Adrienne Ballou discusses her path to winemaking and brewing.

Story by Kaiti Neuman

Adrienne Ballou has always been told she must choose between winemaking and brewing. So now she is on a mission to prove she can do both and have the best of both worlds.

Ballou started her career in Walla Walla, Washington at Forgeron Cellars in 2008, after deferring her enrollment for the fall semester at The University of Texas. The experience was pivotal, providing both experience and inspiring role models.

“It was really cool that my first experience in wine was working for a strong, female winemaker with an assistant who is a very strong, female winemaker,” Ballou says.

After cultivating her passion for wine at Forgeron Cellars, Ballou transferred to UC Davis, where she completed her Bachelor of Science in Viticulture and Enology. She continued to work in wine for a few years but soon beer sparked her curiosity and she reached out to Austin brewery Jester King to see if they had any availabilities. Unbeknownst to Ballou, Jester King was looking to expand into fruit refermentation, making her background in wine an intriguing asset. She began as an apprentice and eventually became the head of the barrel program, providing her an outlet for creativity.

“They gave us a lot of creative control,” she recalls. “They were kind of like ‘Go for it,’ and gave us all the resources to really go for it.”

As much as Ballou enjoyed brewing, the wine world called her back. She missed the seasonality of winemaking, being outside working in the vineyards and the unpredictability of a product dictated by the harvest.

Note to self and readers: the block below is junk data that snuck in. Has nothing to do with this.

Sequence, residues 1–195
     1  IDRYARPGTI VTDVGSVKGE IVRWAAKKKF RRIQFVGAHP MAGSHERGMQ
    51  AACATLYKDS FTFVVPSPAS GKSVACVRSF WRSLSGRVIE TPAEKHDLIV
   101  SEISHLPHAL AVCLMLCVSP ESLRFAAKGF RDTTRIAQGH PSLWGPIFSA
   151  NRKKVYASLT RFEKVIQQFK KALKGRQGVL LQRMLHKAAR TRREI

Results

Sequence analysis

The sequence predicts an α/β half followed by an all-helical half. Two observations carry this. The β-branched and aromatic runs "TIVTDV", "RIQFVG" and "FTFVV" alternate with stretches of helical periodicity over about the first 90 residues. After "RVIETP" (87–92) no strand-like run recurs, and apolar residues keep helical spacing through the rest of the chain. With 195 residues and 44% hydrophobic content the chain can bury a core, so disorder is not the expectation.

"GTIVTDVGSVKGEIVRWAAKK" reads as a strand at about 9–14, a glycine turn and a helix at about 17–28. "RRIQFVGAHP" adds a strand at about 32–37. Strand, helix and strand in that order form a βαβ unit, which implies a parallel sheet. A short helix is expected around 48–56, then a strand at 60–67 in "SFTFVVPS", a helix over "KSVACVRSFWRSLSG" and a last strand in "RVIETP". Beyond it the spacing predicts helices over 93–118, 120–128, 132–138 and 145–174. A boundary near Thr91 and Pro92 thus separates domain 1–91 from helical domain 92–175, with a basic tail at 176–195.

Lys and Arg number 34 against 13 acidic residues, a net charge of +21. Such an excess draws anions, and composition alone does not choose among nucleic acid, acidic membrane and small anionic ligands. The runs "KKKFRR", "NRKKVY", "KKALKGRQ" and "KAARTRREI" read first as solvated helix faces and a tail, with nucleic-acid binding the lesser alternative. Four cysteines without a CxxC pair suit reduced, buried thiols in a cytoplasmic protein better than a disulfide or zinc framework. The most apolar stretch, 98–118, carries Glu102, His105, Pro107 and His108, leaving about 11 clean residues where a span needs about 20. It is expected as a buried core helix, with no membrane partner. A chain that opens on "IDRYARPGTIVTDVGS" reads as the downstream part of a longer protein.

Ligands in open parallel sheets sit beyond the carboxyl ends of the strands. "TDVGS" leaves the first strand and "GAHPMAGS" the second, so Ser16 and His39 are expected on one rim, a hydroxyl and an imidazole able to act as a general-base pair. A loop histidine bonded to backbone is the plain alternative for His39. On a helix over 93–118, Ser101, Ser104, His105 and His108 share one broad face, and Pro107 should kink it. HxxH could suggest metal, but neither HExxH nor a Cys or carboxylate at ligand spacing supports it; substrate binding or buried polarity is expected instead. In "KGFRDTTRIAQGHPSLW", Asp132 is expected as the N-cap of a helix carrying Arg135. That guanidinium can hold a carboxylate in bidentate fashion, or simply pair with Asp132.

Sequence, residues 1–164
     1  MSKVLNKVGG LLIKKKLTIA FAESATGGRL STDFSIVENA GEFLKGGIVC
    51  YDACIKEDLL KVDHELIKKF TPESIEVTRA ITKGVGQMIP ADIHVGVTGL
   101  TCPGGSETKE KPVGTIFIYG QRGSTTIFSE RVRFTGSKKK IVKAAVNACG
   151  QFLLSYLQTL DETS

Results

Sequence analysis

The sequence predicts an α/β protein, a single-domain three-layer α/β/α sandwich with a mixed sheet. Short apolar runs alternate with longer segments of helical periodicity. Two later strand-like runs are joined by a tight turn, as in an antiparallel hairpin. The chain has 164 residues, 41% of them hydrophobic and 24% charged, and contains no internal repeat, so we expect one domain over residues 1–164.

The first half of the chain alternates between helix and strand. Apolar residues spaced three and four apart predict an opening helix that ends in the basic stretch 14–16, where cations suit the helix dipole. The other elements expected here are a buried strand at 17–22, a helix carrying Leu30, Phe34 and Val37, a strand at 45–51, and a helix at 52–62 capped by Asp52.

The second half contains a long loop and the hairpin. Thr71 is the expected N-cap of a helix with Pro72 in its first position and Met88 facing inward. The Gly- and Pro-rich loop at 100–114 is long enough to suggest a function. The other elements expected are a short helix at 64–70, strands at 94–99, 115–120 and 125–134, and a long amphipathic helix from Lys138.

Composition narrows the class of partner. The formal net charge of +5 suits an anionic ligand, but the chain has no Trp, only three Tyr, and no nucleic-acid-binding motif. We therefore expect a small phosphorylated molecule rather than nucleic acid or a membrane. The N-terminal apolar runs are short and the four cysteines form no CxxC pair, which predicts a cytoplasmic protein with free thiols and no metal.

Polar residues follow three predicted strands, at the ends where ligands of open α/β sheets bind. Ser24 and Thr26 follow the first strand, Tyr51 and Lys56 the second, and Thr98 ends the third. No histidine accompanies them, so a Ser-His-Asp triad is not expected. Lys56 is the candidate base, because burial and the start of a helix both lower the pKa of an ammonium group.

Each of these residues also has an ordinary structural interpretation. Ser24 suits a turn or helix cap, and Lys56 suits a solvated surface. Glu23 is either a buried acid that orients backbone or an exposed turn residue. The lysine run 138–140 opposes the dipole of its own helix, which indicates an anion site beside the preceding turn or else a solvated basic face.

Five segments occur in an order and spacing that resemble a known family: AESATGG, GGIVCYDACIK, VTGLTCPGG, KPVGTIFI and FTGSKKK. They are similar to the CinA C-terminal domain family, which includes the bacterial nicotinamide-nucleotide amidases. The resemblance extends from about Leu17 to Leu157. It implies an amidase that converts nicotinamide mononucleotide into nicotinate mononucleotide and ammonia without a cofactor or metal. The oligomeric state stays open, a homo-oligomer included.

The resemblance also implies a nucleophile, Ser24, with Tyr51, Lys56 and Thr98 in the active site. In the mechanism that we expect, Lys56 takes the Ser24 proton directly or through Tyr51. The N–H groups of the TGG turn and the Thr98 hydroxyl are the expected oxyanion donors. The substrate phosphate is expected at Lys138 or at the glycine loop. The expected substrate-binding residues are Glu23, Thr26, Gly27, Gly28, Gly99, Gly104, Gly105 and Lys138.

“That’s why we’re winemakers,” Ballou says, “and sometimes that’s not the easiest thing, but you know, it’s not brewing. You’re not making a consistent thing every single time.”

Her time at Jester King came to a close in early 2016, and Ballou has been in wine ever since, eventually winding up at the small Calais Winery in Hye, Texas, where she currently works.

“I never really thought I’d end up in Texas making wine,” Ballou says. But while at Jester King, she met Hill Country winemakers who impressed her with the quality of their wine and changed her mind.

Ballou acknowledges that working in Texas is not without its challenges. She sees the main obstacles as a lack of international recognition and an initial reputation for wines that were too sweet, oaky, over-extracted or otherwise less than stellar. She has seen substantial growth in the past five to six years, but there is still work to be done.

“I believe there are over 400 winery permits in Texas now,” Ballou says, “but there are only a handful of us that only use Texas grapes.”

Many wineries in Texas buy fruit from out of state to make their wine or buy wine in bulk and sell it under a Texas label. Both wineries Ballou has worked at in Texas belong to the group Real Texas Wine, a group of eight wineries that work exclusively with Texas grapes.

Real Texas Wine aims to change the labeling laws to require that 100 percent of the fruit used to make a wine be grown in Texas in order to sell it under a Texas label. As of right now, only 75 percent is required to be grown in Texas.

Although advocating for change can often be frustrating – last year, Ballou visited the Capitol with other winemakers and witnessed backlash from larger wineries against the proposed legislation – Ballou is proud to participate. She believes in the potential of Texas wine.

“It’s exciting to be part of a group of winemakers that’s really fighting for that,” she says.

Even with the difficulties that come with being a winemaker in Texas, Ballou couldn’t be happier. She loves the energy and community and “wouldn’t want to be working in wine anywhere else.”

Her next project is helping her now-partner work to open a brewery in the area. “We have pretty strong roots in the Hill Country, so it made sense to stay here,” she says. They purchased a bit of land last year and are currently finishing up acquiring the funding they need to begin building.

Her future in wine looking bright and with a brewery on the way, Ballou seems to be proving to the naysayers she can pursue both her love of brewing and her passion for winemaking. “I think it’s doable,” Ballou says. “You just have to be creative.”


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